Promises Promises Daisy Maywood and John Guerrasio in Promises, Promises

Promises Promises
Book by Neil Simon based on the screenplay The Apartment by Billy Wilder and I.A.L. Diamond
Music by Burt Bacharach, lyrics by Hal David
Reviewed by Jarlath O'Connell
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Promises Promises is not The Oresteia it’s a musical comedy, yet this version runs just shy of 3 hrs. Yet another case one fears of Trevor Nunn’itis, where shows run 3hrs plus, when they could easily lose an hour and nobody would notice. Having said that this is a welcome and overdue revival of a tart and witty 60s hit, distinguished here by some wonderfully engaging performances.

Bacharach and David were at their peak as pop tunesmiths in 1968 when David Merrick engaged them and Neil Simon (also at his peak) to transform the classic Billy Wilder movie for the musical stage. It was their only sojourn in musicals and it brought such innovations to Broadway as smooth pop rhythms and backstage backing singers.

Those familiar with the film however will remember it as a dark if rather sardonic study of the corruption in American corporate life, not exactly musical comedy material and indeed here some of the musical numbers do jar.

The story centres on CC Baxter, a put-upon and morally diffident young insurance clerk who gains advancement at work by allowing his middle aged superiors to use his humble bachelor flat for their extramarital affairs. He gets the key to executive washroom in return for them time sharing the key to his pad, the problem being that ‘respectable girls would never go to a motel’.

Discovering this wheeze his boss the suave Mr Sheldrake (Paul Robinson) nabs exclusive use of the flat and CC then learns to his horror that Sheldrake has been using it for trysts with Fran, a girl with whom he himself is besotted.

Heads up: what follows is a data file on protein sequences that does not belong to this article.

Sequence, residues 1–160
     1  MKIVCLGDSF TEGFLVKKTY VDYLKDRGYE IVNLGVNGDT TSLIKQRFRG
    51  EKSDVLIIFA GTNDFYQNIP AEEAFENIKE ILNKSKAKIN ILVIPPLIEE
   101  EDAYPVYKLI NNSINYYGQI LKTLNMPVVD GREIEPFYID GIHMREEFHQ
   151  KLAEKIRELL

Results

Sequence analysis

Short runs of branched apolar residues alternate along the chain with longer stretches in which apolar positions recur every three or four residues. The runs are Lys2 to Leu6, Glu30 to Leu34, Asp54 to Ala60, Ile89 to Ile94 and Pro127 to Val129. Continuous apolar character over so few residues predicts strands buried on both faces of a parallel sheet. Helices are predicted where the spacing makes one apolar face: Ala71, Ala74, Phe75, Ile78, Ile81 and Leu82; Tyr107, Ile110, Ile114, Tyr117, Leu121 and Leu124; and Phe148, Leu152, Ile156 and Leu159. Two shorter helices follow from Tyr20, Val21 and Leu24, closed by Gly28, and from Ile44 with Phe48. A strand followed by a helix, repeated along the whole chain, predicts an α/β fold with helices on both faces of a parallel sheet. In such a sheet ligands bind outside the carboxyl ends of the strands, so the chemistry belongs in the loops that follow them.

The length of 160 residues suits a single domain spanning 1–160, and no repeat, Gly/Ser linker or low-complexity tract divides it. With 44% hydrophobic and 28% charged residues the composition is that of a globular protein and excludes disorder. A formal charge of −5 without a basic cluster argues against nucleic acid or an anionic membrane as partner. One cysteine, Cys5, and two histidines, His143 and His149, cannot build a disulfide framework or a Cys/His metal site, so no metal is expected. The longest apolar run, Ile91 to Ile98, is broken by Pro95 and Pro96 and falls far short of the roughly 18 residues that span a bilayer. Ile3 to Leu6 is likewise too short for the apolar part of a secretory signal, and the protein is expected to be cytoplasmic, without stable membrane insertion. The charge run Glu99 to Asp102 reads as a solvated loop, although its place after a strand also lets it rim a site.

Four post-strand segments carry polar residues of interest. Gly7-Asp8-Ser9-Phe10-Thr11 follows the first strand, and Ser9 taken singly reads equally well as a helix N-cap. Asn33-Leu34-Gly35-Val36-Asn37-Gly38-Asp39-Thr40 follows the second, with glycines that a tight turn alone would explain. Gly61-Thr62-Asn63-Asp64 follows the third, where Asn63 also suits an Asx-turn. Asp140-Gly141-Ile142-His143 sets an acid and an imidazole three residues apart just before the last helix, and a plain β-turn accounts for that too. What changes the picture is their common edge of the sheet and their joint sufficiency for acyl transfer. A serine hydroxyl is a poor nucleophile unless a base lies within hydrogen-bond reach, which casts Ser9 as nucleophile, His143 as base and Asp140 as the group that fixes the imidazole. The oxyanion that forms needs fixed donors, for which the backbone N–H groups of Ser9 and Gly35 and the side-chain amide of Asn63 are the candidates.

Fans of ‘Mad Men’ will be very familiar with this emotional terrain. Simon’s script perfectly captures the spirit of the time, at the cusp of the sexual revolution, when male privilege and unchecked misogyny still ruled the day. It is interesting to hear a song like ‘Where Can You Take a Girl’ presented straight, for example.

‘I’ll Never Fall in Love Again’ and the title song were the hits from the show but a lavish 2010 Broadway revival added ‘A House in Not a Home’ (which is not a fit) and ‘I Say A Little Prayer‘ which appears in the programme here but was actually pulled. Director Bronagh Lagan also commits the sin of killing the applause break for ‘I’ll Never Fall in Love Again’, this production’s emotional show stopper.

Holding it all together is Gabriel Vick as Baxter. He elicits our sympathy in a number of witty asides and vocally, physically and emotionally is just perfect in the part. Daisy Maywood is affecting as Fran and channels some of Shirley MacLaine’s jaded ennui. Although she has a great voice she does over-egg the despair on ‘A House is Not a Home’.

Then there’s Marge, the good time girl CC encounters in a bar. In both Broadway productions the actress playing this God’s Gift of a role won the Tony and here, Alex Young commits comic grand larceny with it. John Guerrasio too, hilariously deploys Simon’s zippy repartee as the Jewish doctor from next door who comes to Fran’s rescue.

The production is lavish, for here, and Southwark Playhouse must again be commended for their ambition. On first night however Simon Wells’ set misbehaved – a huge door clanged, a screen failed to descend and Joe Louis Robinson’s band was too loud for where it was placed. The arrangements and playing though were top class.

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